MR. SINGLETON: Thank you very much.

Reverend Leon Howard Sullivan 1922-2001


Leon black History

Born October 16, 1922, in Charleston, West Virginia, Reverend Sullivan was Pastor Emeritus of Zion Baptist Church in Philadelphia, Pennsylvania. He was also founder and Chairman of the Board of Opportunities Industrialization Centers (OIC) of America and OIC International and president of the International Foundation for Education and Self-Help (IFESH). Reverend Sullivan was also a director of General Motors Corporation, Mellon Bank Corporation and Boys Scouts of America.
Reverend Sullivan was educated at West Virginia State College, Union Theological Seminary and Columbia University and has received innumerable awards and over thirty honorary degrees from colleges and universities in America, including Dartmouth, Princeton, University of Pennsylvania and Yale.
From 1950 to 1988, Reverend Sullivan served as pastor of Zion Baptist Church in Philadelphia. Under Reverend Sullivan’s leadership, membership in the church grew from 600 to 6000, making Zion Baptist one of the largest churches in America.
In 1964 Reverend Sullivan founded Opportunities Industrialization Centers (OIC) of America, a program sponsoring training and retraining on a massive scale, the first program of its kind in the history of the United States. Since its beginning, OIC has trained more than one million men and women and more than 800,000 have been placed in gainful employment, earning approximately $15 billion a year in annual income. The OIC program has successfully operated in over 100 cities across the United States. Reverend Sullivan founded OIC International in 1969. In 1989, OIC’s twentieth year, seventeen African OIC’s were operating in 12 countries, graduating more than 20,000 trainees.

Reverend Sullivan was also the founder of Progress Investment Associates, which built and manages the largest shopping center constructed, owned and operated by Black people in America. He is founder and trustee of Progress Non-Profit Charitable Trust, a broadly based community development corporation with emphasis on the physical redevelopment of our inner cities, with additional components in economic development and education.
In 1977, Reverend Sullivan initiated the Sullivan Principles, a Code of Conduct for companies operating in South Africa that became the standard for social responsibility in equal opportunity for companies in South Africa, as well as other parts of the world. The Sullivan Principles are widely acknowledged to be one of the most effective efforts to end discrimination against Blacks in the workplace in the Republic of South Africa, becoming a major platform on which others could speak out for equal rights in South Africa against the apartheid system.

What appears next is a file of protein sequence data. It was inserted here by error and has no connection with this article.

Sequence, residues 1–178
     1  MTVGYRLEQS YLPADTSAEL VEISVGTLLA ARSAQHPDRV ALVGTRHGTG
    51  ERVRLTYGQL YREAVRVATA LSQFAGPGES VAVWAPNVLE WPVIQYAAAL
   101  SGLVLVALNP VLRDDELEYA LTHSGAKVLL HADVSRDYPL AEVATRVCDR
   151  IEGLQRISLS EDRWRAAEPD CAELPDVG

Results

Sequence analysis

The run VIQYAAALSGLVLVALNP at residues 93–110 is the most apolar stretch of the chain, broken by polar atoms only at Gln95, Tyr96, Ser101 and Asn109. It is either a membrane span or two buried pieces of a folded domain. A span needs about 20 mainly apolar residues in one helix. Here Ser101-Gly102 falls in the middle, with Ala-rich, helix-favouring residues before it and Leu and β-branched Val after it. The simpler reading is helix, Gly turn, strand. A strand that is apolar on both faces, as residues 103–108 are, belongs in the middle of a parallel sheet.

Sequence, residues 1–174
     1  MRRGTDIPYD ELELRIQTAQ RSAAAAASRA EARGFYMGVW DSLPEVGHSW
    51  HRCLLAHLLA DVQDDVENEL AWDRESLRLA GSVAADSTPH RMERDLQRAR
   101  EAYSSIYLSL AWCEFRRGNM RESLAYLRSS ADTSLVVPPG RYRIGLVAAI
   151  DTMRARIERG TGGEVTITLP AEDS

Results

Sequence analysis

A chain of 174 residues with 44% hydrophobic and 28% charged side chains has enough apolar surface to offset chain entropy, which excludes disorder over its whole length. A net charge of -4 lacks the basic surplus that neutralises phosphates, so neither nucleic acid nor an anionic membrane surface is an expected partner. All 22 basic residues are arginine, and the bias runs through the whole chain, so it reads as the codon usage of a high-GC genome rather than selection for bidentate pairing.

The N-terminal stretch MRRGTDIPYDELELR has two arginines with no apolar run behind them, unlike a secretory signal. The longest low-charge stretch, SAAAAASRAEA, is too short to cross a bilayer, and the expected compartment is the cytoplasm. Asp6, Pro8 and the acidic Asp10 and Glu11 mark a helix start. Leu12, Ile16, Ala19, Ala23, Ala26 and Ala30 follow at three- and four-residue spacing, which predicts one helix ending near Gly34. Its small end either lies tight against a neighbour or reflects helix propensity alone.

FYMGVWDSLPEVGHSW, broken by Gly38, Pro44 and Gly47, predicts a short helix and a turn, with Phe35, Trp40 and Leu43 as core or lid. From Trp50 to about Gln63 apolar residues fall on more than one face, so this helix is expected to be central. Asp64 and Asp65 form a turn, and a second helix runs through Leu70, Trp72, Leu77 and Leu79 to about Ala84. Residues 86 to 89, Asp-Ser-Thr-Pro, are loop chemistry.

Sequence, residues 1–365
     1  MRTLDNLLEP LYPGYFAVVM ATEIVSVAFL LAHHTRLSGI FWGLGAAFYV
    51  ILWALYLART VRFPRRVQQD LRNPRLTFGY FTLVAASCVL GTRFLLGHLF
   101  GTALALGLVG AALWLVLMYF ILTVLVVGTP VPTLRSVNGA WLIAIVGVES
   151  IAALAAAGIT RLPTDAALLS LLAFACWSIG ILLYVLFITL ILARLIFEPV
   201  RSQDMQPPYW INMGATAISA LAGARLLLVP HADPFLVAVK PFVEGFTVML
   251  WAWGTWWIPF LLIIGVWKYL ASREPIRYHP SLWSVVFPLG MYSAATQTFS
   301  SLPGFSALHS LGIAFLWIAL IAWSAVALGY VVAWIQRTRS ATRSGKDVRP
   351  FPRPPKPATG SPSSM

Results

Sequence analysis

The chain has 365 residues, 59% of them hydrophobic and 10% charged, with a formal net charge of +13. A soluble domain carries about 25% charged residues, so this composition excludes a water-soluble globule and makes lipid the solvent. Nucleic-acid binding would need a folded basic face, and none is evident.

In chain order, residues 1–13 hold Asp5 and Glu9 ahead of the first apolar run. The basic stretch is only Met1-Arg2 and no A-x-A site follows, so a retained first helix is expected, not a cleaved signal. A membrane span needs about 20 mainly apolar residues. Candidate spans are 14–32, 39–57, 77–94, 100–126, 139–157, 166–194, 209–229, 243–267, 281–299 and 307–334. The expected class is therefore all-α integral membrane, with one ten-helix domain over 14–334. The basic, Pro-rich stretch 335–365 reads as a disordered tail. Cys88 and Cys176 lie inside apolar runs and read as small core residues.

Recently, with the assistance of some of this country’s most esteemed corporate leaders, Reverend Sullivan established the International Foundation for Education and Self-Help (IFESH). The mission of IFESH is to help American companies, institutions and individuals to get involved in improving conditions of people primarily in Africa, and other developing countries.
Reverend Sullivan served as pastor of Zion Baptist Church for 38 years, from 1950-1988. In June, 1988, he became pastor emeritus in order to spend his time training and feeding the hungry people of Africa and the developing nations of the world, and to assist the expanding work of OIC.
The activities of the Church include a day care center, federal credit union, community center program for youth and adult activities, employment agency, adult education reading classes, numerous athletic teams, choral groups and a family counseling service.
In 1963 he was cited by Life magazine as one of the 100 Outstanding Young Adults in the United States.
Reverend Sullivan founded the Progress Investment Associates, coming out of the membership of the Zion Baptist Church. Progress Investment Associates has built a million dollar garden apartment complex (Zion Gardens), the first of its kind in the East; a two million dollar shopping center (Progress Plaza) –the largest shopping center built, owned and operated by Black people in America; a second inner city community shopping center, Progress Haddington Shopping Plaza, and has built and operated successfully, Progress Human Service Center, a multi-million dollar facility constructed in the heart of Philadelphia which provides multiple social, health and human services to residents of the community.